Notice to the Reader

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Institute of Historical Research

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J. S. Brewer (editor)

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1864

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'Notice to the Reader', Letters and Papers, Foreign and Domestic, Henry VIII, Volume 2: 1515-1518 (1864), pp. CCLXXXVII. URL: http://www.british-history.ac.uk/report.aspx?compid=90866 Date accessed: 23 November 2014.


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Notice to the Reader

1. In preparing this Volume for the press it has been found necessary in many instances to adhere rigidly to the text of the documents, in consequence of their mutilated condition, rather than venture on a more condensed and necessarily merely conjectural abstract of their contents. The reader will be pleased to notice that wherever dots occur in such descriptions each dot is supposed to represent a letter; where asterisks are employed, more than a line or a passage of indefinite extent has been lost.

2. In the spelling of proper names it has not been considered advisable to adopt a uniform system. They are given generally as they appear in the documents, but in the index these varieties in the spelling have been reduced to one form, with cross references.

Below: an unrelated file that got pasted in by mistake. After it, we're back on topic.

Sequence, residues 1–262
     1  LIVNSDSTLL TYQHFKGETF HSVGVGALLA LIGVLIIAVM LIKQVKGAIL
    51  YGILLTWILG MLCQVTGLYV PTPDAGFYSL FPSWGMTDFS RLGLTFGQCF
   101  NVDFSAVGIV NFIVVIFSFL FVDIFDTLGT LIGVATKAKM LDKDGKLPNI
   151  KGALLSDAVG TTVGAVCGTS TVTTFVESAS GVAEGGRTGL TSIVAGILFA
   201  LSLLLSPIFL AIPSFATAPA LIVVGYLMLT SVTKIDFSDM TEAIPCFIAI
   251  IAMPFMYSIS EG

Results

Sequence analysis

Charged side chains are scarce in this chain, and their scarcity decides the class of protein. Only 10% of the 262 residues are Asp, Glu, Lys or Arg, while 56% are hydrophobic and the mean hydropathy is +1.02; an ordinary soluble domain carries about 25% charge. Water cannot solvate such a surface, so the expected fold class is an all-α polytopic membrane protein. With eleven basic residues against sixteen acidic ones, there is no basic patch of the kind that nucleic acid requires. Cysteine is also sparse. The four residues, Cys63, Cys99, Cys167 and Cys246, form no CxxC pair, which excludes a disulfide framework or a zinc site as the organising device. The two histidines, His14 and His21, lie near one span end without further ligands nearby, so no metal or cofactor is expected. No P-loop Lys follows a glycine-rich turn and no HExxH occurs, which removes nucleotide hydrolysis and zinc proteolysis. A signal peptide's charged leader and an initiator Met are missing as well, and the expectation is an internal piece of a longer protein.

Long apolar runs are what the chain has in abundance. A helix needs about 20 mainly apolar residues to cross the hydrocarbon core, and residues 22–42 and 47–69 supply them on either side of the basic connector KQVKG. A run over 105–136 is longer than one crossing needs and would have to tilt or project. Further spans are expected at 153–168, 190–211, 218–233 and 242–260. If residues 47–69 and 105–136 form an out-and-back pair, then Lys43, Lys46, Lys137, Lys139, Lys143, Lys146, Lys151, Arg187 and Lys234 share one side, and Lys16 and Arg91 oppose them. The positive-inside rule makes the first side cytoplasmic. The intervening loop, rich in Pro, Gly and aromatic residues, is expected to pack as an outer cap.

3. The expression Cipher undeciphered, implies that up to the time of the formation of this Calendar the documents in question had never been deciphered, but they are so now, and are printed at full length. Whenever a contemporary decipher has been found, it has not been considered necessary to give more than the ordinary abstract. In such cases, however, the whole document has been carefully tested with the cipher, as it not unfrequently happens that the original decipher has been partly destroyed or mutilated, and the decipherer sometimes has omitted or misread passages. Whenever it has been found impossible to make out a cipher, the reader's notice has been drawn to the fact.

4. In the references to the Epistles of Erasmus, the London edition of 1640 is meant; but those to the Appendix apply to Le Clerc's edition.

5. In the numeration, the Arabic numbers 1, 2, &c., indicate such documents as, though having a natural connection, were found apart, but have now been brought together; the Roman numerals imply that the documents were found together, either as enclosures or otherwise.